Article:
Royal Instute of British Architects remain secret and un-transparent

suburbanstudio at suburbanstudio at
Mon Apr 14 11:33:16 BST 2008

The president of the Royal Institute of British Architect
Sunand Prasad, has been involved from some time into
a campaign to ensure members of RIBA reveal membership 
of organisations such as the Freemasons and other secret 

After one year, confidential documents within the RIBA, reveals
the failure of this action....


RIBA backs down as Freemasons defy rule
11 April 2008

By Will Hurst

RIBA president Sunand Prasad seeks compromise after new rule on declaring affiliations fails

The RIBA has been forced into an embarrassing U-turn over its pledge to ensure senior figures at the institute reveal membership of organisations such as the Freemasons.

A year ago, BD reported that RIBA Council had approved strict new rules proposed by then president Jack Pringle requiring council members, trustees and senior staff to declare interests of political parties and other groups. Pringle — who suspects masons have a secretive influence within the institute — singled out the group by name.

The wide-ranging measures were introduced in the wake of BNP member Peter Phillips’ bid for the presidency in 2006. They put the institute at odds with other bodies such as the Royal Institution of Chartered Surveyors and the Institution of Civil Engineers, and were opposed by incoming president Sunand Prasad.

But confidential agenda papers from the RIBA Council meeting last month — seen by BD — reveal that masons on council have refused to formally declare their membership and that Prasad is unwilling to force the issue by “hounding people”.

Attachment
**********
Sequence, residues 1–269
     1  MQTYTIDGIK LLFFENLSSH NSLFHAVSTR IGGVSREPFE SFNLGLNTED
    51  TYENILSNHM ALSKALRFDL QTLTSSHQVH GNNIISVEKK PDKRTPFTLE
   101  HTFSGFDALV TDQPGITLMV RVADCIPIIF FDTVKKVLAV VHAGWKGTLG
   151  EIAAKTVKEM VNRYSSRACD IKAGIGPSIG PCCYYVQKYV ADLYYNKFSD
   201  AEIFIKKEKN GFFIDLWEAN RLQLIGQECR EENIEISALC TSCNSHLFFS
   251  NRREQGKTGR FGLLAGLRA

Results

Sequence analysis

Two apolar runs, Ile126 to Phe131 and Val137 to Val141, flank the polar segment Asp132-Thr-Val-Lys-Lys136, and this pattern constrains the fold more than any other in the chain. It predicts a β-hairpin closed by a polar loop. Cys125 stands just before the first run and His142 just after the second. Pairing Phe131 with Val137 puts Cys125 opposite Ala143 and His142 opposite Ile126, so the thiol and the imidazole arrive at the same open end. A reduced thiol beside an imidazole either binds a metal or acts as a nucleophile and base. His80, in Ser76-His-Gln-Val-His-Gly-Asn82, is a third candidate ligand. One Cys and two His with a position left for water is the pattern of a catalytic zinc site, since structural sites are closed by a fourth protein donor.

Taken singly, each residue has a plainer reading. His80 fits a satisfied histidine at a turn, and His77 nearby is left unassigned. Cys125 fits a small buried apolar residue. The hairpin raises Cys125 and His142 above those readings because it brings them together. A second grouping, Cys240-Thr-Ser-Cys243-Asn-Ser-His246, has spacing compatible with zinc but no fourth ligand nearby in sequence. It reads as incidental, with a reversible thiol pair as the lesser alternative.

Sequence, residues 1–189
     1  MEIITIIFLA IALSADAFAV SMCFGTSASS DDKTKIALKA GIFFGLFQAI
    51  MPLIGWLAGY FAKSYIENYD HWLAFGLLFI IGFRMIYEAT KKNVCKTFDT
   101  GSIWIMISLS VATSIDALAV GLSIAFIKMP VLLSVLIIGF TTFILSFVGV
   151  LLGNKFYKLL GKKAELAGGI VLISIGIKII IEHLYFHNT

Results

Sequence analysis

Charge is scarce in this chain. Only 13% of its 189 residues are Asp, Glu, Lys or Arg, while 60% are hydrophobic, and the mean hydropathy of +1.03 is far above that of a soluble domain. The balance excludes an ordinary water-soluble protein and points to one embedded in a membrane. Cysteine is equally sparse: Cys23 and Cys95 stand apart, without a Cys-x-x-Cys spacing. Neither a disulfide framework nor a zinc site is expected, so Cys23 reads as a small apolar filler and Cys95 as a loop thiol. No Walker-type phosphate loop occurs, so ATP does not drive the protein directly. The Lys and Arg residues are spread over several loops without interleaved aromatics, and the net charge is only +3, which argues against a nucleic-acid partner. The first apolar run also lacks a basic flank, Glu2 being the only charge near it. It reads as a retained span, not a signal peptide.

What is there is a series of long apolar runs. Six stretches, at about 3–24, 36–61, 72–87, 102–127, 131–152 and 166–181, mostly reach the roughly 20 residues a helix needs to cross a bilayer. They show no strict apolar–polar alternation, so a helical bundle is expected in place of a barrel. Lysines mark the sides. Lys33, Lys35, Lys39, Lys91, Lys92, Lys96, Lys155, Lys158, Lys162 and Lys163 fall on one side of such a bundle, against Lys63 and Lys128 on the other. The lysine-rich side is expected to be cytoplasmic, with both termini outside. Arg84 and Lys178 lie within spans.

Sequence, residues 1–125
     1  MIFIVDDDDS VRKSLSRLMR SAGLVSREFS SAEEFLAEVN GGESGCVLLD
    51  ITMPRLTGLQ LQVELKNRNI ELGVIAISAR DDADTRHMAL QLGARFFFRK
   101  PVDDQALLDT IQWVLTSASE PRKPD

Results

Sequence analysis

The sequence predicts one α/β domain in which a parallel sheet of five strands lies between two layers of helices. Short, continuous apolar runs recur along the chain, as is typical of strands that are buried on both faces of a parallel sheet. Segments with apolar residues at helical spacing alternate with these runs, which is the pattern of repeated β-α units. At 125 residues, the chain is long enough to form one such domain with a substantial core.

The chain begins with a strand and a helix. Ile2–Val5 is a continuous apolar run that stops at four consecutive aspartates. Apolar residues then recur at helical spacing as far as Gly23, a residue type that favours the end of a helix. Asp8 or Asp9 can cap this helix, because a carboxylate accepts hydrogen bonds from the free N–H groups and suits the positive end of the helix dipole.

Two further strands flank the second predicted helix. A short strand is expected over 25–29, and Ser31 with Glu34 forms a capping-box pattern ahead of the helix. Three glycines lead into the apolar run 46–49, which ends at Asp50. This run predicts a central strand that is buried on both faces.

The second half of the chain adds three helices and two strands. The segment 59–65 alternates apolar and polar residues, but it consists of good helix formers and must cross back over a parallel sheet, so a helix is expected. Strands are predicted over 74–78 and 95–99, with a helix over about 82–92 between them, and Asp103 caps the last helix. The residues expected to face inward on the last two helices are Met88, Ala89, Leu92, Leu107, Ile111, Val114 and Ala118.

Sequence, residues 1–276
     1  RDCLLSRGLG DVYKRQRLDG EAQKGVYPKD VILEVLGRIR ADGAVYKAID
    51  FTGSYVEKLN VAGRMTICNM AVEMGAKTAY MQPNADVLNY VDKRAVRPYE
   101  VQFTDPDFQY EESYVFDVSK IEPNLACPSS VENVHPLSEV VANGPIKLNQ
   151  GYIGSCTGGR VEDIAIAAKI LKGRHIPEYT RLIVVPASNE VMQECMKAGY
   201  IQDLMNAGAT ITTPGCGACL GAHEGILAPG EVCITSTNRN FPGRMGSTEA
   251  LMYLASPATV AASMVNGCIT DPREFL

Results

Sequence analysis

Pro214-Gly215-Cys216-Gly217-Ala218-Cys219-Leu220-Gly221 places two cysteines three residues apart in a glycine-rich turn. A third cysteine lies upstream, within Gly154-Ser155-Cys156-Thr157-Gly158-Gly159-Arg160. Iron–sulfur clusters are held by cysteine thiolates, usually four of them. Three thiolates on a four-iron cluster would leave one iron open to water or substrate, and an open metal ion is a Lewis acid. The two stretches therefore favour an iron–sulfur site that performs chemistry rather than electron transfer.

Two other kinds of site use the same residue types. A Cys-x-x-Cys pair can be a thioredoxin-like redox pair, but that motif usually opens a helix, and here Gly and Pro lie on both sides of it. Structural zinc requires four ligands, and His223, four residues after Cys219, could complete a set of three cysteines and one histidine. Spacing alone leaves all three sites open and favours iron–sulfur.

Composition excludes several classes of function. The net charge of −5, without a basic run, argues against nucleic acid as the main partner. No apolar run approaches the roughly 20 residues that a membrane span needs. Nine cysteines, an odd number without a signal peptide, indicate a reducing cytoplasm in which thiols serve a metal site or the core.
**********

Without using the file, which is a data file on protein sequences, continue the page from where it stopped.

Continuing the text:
He is suggesting a compromise requiring councillors to sign a statement agreeing to treat all people they deal with fairly, regardless of their outside affiliations.

The RIBA pointed to an incident where an architect appearing before the institute’s discipline committee sought to unfairly influence the decision by revealing himself as a mason.

“To cater for the possibility that some Freemasons might feel bound by their codes not to declare membership, [the fair treatment] proposal was put to council,” the RIBA added.

Prasad said the latest proposal — still to be ratified by council — was a minor amendment aiming to promote “good practice”, adding that declaring interests had to remain voluntary.

“I’ve heard personally from masons that they don’t want to declare their interests,” he said. “But it is true that [the organisation] has become much less secret. I’m not going to go hounding people because they are not filling out their declaration of interest forms properly.”

Pringle insisted he had no regrets about his action, claiming there remained an obligation on senior RIBA figures to disclose all affiliations. “I don’t particularly like the masons or any secret society which appears to work together in an undisclosed way. I understand there are a number of masons on RIBA Council.”

But critics lambasted the RIBA, claiming it exposed the folly of Pringle’s measures. Association of Consultant Architects president Brian Waters said: “I’m exasperated by the things the RIBA finds to waste time and money on.”

A spokesman for the United Grand Lodge of England — which represents a masonic organisation it describes as one of the world’s oldest secular fraternal societies — said he was surprised by the RIBA’s action as Freemasons should declare their membership if asked. “It is the singling out of Freemasonry that we don’t like.”

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